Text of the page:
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The Rise of Smart Contracts

The Rise of Smart Contracts
Written by Jon Gulson @jongulson
Posted 11 July 2017
Contracts in the conventional sense are the basis for a relationship between those involved in an agreement or undertaking. 

Just as cryptocurrency removes the bank in a financial transaction, the smart contract disintermediates conventional arrangements through the application of self-executing logic on a blockchain. 

The aim is to guarantee a specific set of outcomes without need for litigation, the benefits being twofold: reduced costs and reduced risk of contractual breach or dispute.

Smart contracts have become a ubiquitous feature in ICO crowdsales, a popular new investment which have exploded in 2017. As outlined in our recent blog, this blockchain based software has the potential to be a catalyst for the new growth paradigm.

The Origins of Smart Contracts

The origins of smart contracts can be found in the cypherpunk movement in the closing decades of the last century.

Nick Szabo the creator of bitgold (an unimplemented forerunner to bitcoin) first developed the idea in 1994 with the intention of conflating contract law with digital commercial protocols on the internet.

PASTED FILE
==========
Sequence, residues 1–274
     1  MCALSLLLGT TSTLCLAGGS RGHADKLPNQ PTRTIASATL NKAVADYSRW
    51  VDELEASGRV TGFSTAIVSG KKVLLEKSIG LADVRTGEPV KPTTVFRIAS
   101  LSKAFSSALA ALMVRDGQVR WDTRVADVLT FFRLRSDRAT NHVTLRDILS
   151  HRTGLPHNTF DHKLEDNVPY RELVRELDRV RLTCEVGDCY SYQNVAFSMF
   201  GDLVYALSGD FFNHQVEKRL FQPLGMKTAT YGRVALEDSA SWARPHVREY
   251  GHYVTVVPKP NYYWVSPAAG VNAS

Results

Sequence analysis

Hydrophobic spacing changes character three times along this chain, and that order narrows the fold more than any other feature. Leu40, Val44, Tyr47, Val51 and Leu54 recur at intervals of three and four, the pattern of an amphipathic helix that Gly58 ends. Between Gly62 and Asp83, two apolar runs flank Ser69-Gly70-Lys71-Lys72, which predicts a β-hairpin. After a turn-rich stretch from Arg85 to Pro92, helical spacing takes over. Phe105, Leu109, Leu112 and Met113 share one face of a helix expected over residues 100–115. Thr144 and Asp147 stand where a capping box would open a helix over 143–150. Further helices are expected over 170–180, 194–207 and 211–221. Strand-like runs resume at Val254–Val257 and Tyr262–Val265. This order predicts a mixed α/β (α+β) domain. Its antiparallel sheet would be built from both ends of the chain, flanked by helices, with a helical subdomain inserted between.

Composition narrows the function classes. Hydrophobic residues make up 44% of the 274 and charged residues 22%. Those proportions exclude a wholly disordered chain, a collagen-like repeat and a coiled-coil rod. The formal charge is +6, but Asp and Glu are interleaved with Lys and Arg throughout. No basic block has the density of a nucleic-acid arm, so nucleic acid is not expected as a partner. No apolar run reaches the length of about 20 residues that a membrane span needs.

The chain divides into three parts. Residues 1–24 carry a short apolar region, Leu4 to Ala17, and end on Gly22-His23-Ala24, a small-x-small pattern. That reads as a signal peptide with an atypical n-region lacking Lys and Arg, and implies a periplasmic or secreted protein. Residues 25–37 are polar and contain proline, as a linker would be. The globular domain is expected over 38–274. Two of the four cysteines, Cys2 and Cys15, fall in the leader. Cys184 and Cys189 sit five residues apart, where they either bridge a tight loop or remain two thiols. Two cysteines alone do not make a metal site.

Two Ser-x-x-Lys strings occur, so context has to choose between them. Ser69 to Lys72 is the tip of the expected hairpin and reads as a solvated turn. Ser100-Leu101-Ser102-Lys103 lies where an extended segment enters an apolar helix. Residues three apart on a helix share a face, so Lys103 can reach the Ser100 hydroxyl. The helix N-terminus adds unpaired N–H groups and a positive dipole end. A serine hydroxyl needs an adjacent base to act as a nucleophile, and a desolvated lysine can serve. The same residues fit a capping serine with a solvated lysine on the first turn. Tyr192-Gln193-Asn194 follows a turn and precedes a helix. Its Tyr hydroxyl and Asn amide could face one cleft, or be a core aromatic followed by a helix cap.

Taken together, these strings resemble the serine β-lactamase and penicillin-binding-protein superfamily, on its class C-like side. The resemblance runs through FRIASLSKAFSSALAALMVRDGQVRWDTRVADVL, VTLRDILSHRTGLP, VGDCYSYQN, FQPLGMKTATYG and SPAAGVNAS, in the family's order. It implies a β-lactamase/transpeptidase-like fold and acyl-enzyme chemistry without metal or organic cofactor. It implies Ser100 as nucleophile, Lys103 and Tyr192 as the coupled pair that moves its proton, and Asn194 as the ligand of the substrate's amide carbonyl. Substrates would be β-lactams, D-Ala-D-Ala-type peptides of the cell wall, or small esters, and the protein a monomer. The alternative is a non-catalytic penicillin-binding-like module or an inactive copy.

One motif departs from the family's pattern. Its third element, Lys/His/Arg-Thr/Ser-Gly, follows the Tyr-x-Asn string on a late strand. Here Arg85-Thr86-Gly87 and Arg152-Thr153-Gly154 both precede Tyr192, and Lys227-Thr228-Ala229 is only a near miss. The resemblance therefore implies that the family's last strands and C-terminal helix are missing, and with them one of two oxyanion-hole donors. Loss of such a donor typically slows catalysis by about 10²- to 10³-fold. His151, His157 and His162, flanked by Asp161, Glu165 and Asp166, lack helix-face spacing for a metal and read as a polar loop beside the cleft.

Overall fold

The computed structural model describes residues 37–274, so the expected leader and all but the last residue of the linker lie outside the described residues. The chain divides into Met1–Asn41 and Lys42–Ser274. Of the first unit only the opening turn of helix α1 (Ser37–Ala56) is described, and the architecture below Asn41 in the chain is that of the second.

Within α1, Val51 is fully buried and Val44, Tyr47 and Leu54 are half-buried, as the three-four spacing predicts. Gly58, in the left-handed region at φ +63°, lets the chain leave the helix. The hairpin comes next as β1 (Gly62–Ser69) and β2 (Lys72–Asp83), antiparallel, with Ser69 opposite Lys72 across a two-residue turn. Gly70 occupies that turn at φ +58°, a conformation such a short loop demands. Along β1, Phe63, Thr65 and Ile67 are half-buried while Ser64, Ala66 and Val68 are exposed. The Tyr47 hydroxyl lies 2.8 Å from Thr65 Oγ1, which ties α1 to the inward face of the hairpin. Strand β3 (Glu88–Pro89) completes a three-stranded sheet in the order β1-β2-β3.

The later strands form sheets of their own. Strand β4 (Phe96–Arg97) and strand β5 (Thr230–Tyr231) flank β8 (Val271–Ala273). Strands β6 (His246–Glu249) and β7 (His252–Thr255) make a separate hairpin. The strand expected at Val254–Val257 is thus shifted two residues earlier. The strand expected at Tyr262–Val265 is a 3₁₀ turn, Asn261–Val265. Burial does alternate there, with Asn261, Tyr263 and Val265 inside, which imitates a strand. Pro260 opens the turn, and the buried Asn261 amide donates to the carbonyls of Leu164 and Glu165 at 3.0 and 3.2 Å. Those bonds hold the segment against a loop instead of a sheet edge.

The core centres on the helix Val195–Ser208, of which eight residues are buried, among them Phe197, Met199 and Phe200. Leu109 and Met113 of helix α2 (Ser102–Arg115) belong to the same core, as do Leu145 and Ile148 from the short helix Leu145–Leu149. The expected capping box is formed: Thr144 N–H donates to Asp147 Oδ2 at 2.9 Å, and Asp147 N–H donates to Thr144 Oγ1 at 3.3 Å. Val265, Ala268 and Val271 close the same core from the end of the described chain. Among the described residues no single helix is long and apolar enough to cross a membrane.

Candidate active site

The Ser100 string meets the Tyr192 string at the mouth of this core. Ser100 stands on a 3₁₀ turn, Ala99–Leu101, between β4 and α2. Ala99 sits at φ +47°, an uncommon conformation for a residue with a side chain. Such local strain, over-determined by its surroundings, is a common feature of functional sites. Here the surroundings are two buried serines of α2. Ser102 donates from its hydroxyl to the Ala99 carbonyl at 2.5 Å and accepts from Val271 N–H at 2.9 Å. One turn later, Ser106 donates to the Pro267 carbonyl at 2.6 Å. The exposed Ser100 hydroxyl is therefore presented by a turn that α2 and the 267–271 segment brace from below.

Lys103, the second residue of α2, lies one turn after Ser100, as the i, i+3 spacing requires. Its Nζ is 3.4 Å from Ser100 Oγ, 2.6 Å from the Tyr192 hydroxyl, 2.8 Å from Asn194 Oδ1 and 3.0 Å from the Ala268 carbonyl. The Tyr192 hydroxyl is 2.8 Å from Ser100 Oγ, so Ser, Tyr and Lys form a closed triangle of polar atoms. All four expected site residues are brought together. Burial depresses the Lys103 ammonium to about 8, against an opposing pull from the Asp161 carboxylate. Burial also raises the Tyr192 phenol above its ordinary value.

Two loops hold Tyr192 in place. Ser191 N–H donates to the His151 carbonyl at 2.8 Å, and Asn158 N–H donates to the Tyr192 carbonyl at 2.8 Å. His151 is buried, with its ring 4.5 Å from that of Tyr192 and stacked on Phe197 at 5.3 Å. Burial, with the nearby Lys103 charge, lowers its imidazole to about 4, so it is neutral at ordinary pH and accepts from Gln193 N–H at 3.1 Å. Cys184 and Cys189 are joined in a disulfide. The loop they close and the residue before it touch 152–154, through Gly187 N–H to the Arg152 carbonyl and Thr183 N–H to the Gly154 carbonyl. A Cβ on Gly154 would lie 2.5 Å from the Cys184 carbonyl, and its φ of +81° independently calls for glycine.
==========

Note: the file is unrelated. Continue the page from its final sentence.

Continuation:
Smart Contracts Evolve on the Ethereum Blockchain

Smart contracts have since evolved to include general purpose computation, but allowing for transparency without a middleman.

Most smart contracts are written on the Ethereum blockchain, with the Ether token paying for the computing power required. This explains the inexorable price rise of Ether over the last year. 

The pricing mechanism for Ethereum is also known as ‘gas’, denominations of which include a Szabo, Finney and Wei (references to early activists in the cypherpunk community).

The reason smart contracts don’t run on the bitcoin blockchain, is it uses a non-Turing complete scripting system. Things change constantly in this space however and Rootstock (RSK) are looking to provide the missing technical links which make smart contracts bitcoin compatible.

Are Smart Contracts Legally Binding?

Problems with smart contracts can arise with enforceability, particularly where they run on a permissionless blockchain. Smart contracts perform according to code, irrespective of whether a central authority would uphold them.
Other questions include jurisdiction and whether the contractual terms in smart contracts are comprehensive enough? Conventional contracts have built up around the importance of words, in a world where relationships can be complex.

Where a traditional court may rescind a contract, a smart contract will run regardless.

Uses of Smart Contracts

The rise of smart contracts can be explained in an age moving toward automation and artificial intelligence: smart cars are being developed, we already use smart phones and Google have developed smart glasses. Smart contracts are an extension of this.

The ICO market which has built up around smart contracts, is in early days. This means we can speculate about future use cases; but they have the potential to save time and costs in a range of sectors including finance, health care and real estate.

This is why ICO’s will proliferate and why those looking to benefit from this new technology, should pay close attention.

Written by Jon Gulson @jongulson
Posted 11 July 2017
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